The Best Kitchen Barstools for Every Budget

Choosing barstools can be tricky. HGTV Magazine enlisted Design Star judge Vern Yip to share 10 tips to help you make the right choice.

Photo By: Photo: Todd Plitt/HGTV

Photo By: Courtesy of Manufacturer

Photo By: Courtesy of Manufacturer

Photo By: Courtesy of Manufacturer

Photo By: Courtesy of Manufacturer

Photo By: Courtesy of Manufacturer

Photo By: Courtesy of Manufacturer

Photo By: Courtesy of Manufacturer

Photo By: Courtesy of Manufacturer

Photo By: Courtesy of Manufacturer

Photo By: Courtesy of Manufacturer

Here's a Confession:

It's taken me seven months to find the perfect barstools for my soon-to-be-renovated kitchen. The decision is a lot trickier than choosing chairs for a table. Since barstools are taller and your feet don't rest on the floor, a comfortable seat is key, as is a foot-support bar at the right height to avoid awkward leg dangling. Other things to consider: Round or square? Swivel or stationary? Here are some tricks I've learned to help you find the right stools for your space.

Watch the Distance

The distance from seat to countertop is important. For comfort, aim for 11 inches — so if your counter is 36 inches high, choose a stool that's 25 inches high. For a 42-inch breakfast bar, you'll need one 31 inches tall. Klismos red barstool, $99,

Focus on Spacing

Barstools should be farther apart than dining chairs. Aim for about 28 inches from the middle of one stool to the middle of the next. (Dining chairs, which require less legroom, need just 24 inches.) Measure the amount of space you have for your stools, then divide by 28 — that's how many you should buy. But if there are protruding brackets under the counter that take up leg space, you may not be able to fit as many stools. Hyacinth barstool, $129,

Consider Backless

A backless stool looks sleeker and less bulky, but if you're going to use the stools regularly for eating, you'll be happier with a backrest. Knoll Jamaica swivel stool, $828,

Give It a Rest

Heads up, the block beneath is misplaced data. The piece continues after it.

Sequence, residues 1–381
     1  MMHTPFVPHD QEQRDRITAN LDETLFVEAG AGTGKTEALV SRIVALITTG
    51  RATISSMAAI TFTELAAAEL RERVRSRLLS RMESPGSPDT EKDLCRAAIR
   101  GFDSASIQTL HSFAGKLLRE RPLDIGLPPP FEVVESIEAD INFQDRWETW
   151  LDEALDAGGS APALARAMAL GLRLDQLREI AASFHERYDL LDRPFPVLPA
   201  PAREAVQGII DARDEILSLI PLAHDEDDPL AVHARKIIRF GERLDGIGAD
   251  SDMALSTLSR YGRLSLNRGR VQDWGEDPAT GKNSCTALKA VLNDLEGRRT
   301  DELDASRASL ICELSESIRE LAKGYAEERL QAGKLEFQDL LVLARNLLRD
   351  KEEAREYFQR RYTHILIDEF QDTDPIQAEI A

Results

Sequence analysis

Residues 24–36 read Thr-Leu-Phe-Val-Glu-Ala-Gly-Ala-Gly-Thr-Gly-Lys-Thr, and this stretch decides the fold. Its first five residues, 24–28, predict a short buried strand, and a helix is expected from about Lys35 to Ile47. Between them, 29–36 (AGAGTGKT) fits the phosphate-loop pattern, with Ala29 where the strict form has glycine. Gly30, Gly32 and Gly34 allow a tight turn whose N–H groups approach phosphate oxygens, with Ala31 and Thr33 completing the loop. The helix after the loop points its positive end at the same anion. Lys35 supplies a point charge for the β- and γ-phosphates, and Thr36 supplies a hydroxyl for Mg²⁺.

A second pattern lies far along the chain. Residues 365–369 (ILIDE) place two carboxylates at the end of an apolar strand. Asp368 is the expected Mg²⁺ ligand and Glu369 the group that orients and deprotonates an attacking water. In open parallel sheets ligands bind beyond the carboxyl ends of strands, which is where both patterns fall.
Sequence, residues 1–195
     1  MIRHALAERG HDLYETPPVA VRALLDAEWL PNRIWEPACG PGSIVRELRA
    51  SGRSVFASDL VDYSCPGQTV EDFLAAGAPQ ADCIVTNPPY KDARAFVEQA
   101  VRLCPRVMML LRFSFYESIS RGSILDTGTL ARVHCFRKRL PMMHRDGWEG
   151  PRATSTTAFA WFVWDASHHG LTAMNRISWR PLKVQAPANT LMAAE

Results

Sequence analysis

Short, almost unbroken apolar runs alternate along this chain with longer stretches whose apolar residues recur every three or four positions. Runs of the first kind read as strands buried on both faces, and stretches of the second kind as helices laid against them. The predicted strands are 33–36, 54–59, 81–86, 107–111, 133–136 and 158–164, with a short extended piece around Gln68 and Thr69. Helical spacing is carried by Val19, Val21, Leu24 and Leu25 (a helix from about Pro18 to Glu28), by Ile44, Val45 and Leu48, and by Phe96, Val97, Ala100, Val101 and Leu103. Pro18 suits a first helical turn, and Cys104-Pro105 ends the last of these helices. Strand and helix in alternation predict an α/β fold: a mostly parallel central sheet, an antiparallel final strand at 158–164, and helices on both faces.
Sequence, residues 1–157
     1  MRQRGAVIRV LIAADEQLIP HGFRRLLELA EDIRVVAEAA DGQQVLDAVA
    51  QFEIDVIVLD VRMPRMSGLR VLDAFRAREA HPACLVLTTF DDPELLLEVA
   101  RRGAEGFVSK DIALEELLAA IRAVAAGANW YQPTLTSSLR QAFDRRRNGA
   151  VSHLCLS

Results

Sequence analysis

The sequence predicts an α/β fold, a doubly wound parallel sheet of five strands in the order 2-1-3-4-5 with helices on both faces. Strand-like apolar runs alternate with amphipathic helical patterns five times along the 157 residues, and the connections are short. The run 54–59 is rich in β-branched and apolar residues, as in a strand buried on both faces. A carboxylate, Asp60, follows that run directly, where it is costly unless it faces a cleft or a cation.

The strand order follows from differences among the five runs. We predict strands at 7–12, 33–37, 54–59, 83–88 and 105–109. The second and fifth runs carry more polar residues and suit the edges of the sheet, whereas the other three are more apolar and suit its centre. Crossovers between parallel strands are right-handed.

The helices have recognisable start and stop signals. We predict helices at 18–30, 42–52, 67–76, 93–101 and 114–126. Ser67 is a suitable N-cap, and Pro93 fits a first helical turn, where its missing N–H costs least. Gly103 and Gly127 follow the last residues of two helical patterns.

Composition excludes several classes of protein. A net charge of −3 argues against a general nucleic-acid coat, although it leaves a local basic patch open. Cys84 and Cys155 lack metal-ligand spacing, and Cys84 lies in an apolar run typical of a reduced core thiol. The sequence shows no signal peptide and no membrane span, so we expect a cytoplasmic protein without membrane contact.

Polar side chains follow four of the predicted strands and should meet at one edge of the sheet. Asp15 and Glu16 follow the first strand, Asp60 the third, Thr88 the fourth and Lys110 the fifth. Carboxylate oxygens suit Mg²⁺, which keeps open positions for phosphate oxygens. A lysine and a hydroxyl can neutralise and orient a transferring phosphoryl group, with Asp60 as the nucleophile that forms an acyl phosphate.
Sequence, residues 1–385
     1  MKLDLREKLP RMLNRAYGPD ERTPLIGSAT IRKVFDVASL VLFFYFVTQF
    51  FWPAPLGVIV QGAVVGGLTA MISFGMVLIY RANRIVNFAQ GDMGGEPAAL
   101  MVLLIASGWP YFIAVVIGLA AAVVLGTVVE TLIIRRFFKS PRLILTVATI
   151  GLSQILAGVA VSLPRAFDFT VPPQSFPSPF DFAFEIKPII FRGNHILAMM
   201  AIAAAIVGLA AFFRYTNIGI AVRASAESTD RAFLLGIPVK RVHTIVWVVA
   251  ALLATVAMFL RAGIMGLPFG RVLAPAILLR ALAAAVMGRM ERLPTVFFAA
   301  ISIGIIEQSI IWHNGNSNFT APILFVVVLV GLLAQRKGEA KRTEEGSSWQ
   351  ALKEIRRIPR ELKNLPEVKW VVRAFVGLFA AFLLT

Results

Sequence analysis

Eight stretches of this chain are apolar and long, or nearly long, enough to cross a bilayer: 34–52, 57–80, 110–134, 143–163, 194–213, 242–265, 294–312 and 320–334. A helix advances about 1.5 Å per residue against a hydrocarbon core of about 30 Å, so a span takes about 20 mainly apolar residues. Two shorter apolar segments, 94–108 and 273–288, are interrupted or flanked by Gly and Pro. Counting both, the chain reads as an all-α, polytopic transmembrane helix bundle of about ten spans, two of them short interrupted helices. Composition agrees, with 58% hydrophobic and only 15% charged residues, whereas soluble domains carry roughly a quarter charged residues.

Not all stools have a footrest, but that bottom bar does make sitting more comfortable. If you need versatility, look for stools that have an adjustable footrest or two bars at different heights. Barstool, $100,

Think About the Whole Family

Think about everyone in the family. If you have children, you might want to get adjustable-height stools so they can reach the counter to eat and do their homework. It may mean their feet don't reach the footrest, but kids are used to dangling, so it doesn't bother them. It's more important that the seat is close enough to the countertop. Boca adjustable barstool, $150,

Round vs. Square

Round stools take up a little less space than square ones. Both styles look nice, but I think that round barstools tend to be less disruptive to a room's flow. Hamilton bentwood stool, $129,

Make It Swivel

If your space is tight, choose stools with swiveling seats. You want to be able to turn easily to have a conversation without having to pull the barstool out and push it back. Marguerite barstool, $329,

Consider Your Countertops

If they have a heavy pattern like granite or marble, go for subtle barstools, maybe wood in the same color family as your cabinets. If your countertops are plainer, like a solid-color laminate or butcher block, the stools can have more pizzazz — try bright leather, vinyl or an upholstered fabric. Perry barstool in Delray Azure easy care fabric, $371,

A Common Misconception

Heavy barstools aren't necessarily the sturdiest ones. I love polycarbonate (a type of heavy-duty plastic), which is lightweight but very durable, so pay more attention to the stool's material than its weight. Collins barstool, $249,

Protect Your Floors!

Some stools come with protective caps that cover the feet, but if I'm buying a style that doesn't have these, I always add self-adhesive felt pads to the bottoms so the stools don't scratch the floor. Vienna green barstool, $179,

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